One January Evening....every #1 from EG's personal Top 40 (1984-2010) | Page 6 | The Popjustice Forum

One January Evening....every #1 from EG's personal Top 40 (1984-2010)

Discussion in 'Charts, rates etc' started by Eric Generic, Dec 8, 2018.

  1. Next up, someone we're definitely getting to know all too well....

    Number ones: #19

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    • HOWARD JONES Like To Get To Know You Well (WEA)
    • Week Ending 18th August 1984
    • 1 week at #1

    The height of summer 1984. Human’s Lib had been around for less than 6 months, but already four hits had been lifted from it, three of them before the album even came out. How to keep the momentum going?

    Answer: release a new song.

    The new song was actually a bit like New Song, with its breezy upbeat charm and somewhat simplistic message. Critics of a certain age, old enough to remember the late 1970s, commented on its similarity to Dreadlock Holiday by 10cc (much as they reckoned New Song owed more than a little to Peter Gabriel’s Solsbury Hill). Those of us who just lapped up everything Howard Jones served up at the time really didn’t notice, or if we did we didn’t care. I don’t like HoJo’s music, I love it!

    Like To Get To Know You Well’s reggae-lite arrangement and perky production could be excused as perfect for the summer; the video – where HoJo bounced around London shaking hands with everyone in sight – suited the everybody-love-each-other vibe of the lyrics. The sleeve was a masterpiece of eye-catching design; the song title spelt out in a variety of languages from all corners of the globe. Okay, so it wasn’t quite up to the standards of Human’s Lib, but it shared some DNA with several of the tracks from that album. There was also enough goodwill from the public at large to send the single very quickly into the UK Top 5, thus continuing his impressive run of chart success.

    At the time I wasn’t to know, but this single flagged up the direction Howard was to take with his music on the next few albums, away from the darker, moodier tendencies of Human’s Lib’s finest moments.
     
  2. Lidegetoknowyouwell.....
     
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  3. Time for some moody "holiday romance" music....

    Number ones: #20

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    • GEORGE MICHAEL Careless Whisper (Epic)
    • Week Ending 25th August 1984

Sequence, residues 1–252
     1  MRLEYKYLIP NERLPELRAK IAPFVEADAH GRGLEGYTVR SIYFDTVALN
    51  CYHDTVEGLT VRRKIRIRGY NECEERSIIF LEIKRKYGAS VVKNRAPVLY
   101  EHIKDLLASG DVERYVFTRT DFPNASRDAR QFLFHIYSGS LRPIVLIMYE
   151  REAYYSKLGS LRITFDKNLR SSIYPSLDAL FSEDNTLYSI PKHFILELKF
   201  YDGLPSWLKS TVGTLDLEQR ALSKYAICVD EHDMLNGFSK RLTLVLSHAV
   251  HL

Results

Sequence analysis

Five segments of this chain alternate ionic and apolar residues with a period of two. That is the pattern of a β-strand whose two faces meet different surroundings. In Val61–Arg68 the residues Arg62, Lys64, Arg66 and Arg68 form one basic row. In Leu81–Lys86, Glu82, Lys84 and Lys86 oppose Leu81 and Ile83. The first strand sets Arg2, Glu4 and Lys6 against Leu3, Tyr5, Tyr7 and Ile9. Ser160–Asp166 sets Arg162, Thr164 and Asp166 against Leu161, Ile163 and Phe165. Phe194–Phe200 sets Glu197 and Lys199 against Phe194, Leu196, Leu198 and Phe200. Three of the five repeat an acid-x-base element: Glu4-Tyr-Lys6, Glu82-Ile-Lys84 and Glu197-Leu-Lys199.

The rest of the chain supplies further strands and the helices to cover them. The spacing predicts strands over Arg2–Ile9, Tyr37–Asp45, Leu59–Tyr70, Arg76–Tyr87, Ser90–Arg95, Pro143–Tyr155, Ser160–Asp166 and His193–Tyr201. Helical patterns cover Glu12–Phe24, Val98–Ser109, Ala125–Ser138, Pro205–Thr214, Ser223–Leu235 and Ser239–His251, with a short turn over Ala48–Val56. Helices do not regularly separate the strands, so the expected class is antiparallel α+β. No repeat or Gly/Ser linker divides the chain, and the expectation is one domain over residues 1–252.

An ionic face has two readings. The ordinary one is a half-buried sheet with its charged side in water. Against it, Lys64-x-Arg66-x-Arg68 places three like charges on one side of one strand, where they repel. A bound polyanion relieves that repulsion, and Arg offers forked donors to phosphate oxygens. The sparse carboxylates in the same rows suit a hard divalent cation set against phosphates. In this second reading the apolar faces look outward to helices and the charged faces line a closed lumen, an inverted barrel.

• 1 Week at #1

    And lo, it came to pass, that in the eighth month of our year Nineteen-Eighty-Four AD, George Michael invented the “solo career”.

    Looking at the sleeve now, every hallmark of the archetypal George Michael release was already in place; the moody black-and-white portrait, the stylish calligraphy, the colour palette (gold and navy blue would also become available). Everything is just so. Call it manufactured, or over stylised if you wish, but maybe it’s also a case of artist and record label simply knowing exactly what’s required and what will best serve their commercial ambitions. If the music itself is a pile of stinky old horse manure, then all the glossy artwork in the world won’t help.

    Careless Whisper seemed to arrive into the world as a fully-formed classic; it’s almost hard to remember a time when it was a brand new entry on the charts, or when it was first announced that one half of premier shuttlecock users Wham! had made a single on his own. Well, obviously these days we know all Wham! records were made by George Michael on his own, but Epic Records were obviously keen to begin the gentle easing apart of our perma-tanned duo (this theory is unfortunately complicated by Andrew Ridgeley having a signifcant part in the genesis of Careless Whisper, and plans for it to be released shortly after the Fantastic! album in 1983 by their old label Innervision, but nevermind the little details eh?). In the U.S., it was more accurately marketed as Wham! featuring George Michael, although more as a reflection of their less-established profile at the time (Wake Me Up Before You Go-Go had only just given them their American breakthrough).